Energy transition: Expert: Renewable energies cause electricity prices to fall

Energy transition: Expert: Renewable energies cause electricity prices to fall

More and more cheap electricity from solar and wind energy is likely to result in falling electricity prices. An expert observes that this is already becoming apparent in wholesale futures transactions.

According to experts, renewable energies will increasingly dampen electricity prices. “The more renewable energy systems with their low prices are in the electricity system, the less expensive wholesale gas power plants determine the electricity price,” said electricity market expert Fabian Huneke from the Agora Energiewende think tank to the German Press Agency.

Renewables would already reduce future electricity prices. “You can clearly see on the electricity exchange: the futures market prices are significantly lower for deliveries in a few years.” For example, if you currently pre-order electricity for the next year or the year after, the longer the delivery is, the lower the wholesale electricity price will be. “This can clearly be attributed to the influence of renewable energies, because the price of electricity is significantly below the development of fossil fuel prices or CO2 prices.”

Huneke recalled another price-lowering effect: the abolition of the green electricity surcharge (EEG surcharge) last year. However, it was largely overshadowed by the rising electricity prices in the wake of the energy crisis. “Due to the price increases, we didn’t even notice the effect,” said the expert. The green electricity levy of 3.72 cents per kilowatt hour to promote renewable energies was reduced to zero on July 1, 2022 in order to relieve the burden on electricity customers.

Huneke: Investment offensive in the networks

On the other hand, Huneke expects a price-increasing effect due to the increasing network fees for the electricity distribution networks at the regional level. These strictly regulated usage fees for the lines are passed on to electricity consumers by the network operators via their electricity bills. “Electrification with the connection of electric cars and heat pumps, but also the increasing decentralized generation of electricity in solar and wind turbines, require a powerful infrastructure,” explained the expert. The energy transition requires an investment offensive in the networks.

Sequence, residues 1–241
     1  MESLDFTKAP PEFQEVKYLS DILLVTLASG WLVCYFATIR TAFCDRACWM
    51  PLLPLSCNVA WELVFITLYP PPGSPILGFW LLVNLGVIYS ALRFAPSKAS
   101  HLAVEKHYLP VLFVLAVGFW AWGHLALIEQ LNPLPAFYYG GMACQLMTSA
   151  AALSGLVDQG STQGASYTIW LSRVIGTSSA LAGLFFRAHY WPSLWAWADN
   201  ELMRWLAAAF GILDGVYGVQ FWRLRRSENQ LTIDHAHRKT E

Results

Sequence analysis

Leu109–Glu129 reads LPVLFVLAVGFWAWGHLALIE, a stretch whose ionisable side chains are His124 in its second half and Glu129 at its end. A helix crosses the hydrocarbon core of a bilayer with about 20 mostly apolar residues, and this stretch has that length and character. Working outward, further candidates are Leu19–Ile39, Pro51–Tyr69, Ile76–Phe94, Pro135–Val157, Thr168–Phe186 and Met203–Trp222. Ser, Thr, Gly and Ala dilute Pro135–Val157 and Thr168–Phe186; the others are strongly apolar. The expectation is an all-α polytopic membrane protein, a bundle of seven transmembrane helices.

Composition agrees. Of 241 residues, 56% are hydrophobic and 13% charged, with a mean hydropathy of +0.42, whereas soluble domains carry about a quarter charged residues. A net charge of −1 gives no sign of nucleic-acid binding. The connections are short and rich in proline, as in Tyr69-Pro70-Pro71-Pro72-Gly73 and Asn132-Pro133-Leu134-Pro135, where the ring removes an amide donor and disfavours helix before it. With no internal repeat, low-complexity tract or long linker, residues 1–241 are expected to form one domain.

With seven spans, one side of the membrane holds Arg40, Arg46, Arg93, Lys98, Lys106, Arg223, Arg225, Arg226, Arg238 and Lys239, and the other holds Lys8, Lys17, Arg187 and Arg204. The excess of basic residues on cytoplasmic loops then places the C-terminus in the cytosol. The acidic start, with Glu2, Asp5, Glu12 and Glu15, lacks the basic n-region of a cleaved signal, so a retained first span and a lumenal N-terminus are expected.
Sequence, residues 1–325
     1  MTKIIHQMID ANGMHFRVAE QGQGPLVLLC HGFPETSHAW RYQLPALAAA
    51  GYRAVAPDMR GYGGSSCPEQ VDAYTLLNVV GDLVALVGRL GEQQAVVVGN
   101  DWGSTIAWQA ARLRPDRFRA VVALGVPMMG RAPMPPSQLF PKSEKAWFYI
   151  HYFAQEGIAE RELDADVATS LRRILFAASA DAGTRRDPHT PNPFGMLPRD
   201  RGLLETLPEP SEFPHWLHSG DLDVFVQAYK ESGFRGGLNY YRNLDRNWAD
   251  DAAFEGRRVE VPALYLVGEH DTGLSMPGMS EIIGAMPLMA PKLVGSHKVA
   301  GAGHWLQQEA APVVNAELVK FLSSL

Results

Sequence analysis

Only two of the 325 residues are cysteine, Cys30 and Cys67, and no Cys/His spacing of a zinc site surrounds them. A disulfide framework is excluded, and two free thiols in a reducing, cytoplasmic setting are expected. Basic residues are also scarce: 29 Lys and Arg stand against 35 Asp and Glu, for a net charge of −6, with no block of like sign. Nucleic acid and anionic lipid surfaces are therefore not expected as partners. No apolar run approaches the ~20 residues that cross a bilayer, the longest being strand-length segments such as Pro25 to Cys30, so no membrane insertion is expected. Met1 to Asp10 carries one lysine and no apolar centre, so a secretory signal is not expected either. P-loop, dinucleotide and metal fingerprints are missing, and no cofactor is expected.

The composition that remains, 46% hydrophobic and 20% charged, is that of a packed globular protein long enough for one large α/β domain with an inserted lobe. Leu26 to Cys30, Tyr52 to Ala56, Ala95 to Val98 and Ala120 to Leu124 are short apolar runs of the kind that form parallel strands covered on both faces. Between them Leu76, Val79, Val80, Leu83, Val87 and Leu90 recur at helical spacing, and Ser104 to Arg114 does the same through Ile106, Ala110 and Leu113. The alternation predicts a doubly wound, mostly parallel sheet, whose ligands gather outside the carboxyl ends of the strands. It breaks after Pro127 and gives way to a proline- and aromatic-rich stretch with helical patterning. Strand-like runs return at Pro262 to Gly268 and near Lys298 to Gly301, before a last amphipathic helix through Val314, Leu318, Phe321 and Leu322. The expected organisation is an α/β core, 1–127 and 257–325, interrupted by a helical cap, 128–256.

In the first half of the year, the average electricity price for households was 46.27 cents per kilowatt hour, according to the energy industry association BDEW. Network fees accounted for around a fifth of this, 9.52 cents. According to the comparison portals Check24 and Verivox, network fees will rise by an average of eleven percent nationwide in the coming year. However, they will also decline in some federal states, for example in Brandenburg or Mecklenburg-Western Pomerania.

The development of electricity prices this winter continues to be heavily dependent on the prices for natural gas, Huneke continued. When it comes to natural gas prices, it depends on how cold it gets and whether, for example, the nuclear power plants in France deliver more reliably than last winter.

Source: Stern

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